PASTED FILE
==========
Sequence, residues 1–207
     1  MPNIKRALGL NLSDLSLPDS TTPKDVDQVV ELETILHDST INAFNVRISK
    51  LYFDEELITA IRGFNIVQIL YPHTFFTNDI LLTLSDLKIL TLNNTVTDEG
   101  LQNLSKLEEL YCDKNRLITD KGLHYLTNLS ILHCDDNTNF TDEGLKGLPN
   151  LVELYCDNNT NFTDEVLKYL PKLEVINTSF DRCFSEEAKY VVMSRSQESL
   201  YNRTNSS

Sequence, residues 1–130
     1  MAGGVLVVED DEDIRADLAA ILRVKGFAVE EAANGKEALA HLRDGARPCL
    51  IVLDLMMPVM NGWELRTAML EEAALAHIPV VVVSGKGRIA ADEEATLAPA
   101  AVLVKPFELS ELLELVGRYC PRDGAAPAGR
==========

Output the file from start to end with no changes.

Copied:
Sequence, residues 1–207
     1  MPNIKRALGL NLSDLSLPDS TTPKDVDQVV ELETILHDST INAFNVRISK
    51  LYFDEELITA IRGFNIVQIL YPHTFFTNDI LLTLSDLKIL TLNNTVTDEG
   101  LQNLSKLEEL YCDKNRLITD KGLHYLTNLS ILHCDDNTNF TDEGLKGLPN
   151  LVELYCDNNT NFTDEVLKYL PKLEVINTSF DRCFSEEAKY VVMSRSQESL
   201  YNRTNSS

Sequence, residues 1–130
     1  MAGGVLVVED DEDIRADLAA ILRVKGFAVE EAANGKEALA HLRDGARPCL
    51  IVLDLMMPVM NGWELRTAML EEAALAHIPV VVVSGKGRIA ADEEATLAPA
   101  AVLVKPFELS ELLELVGRYC PRDGAAPAGR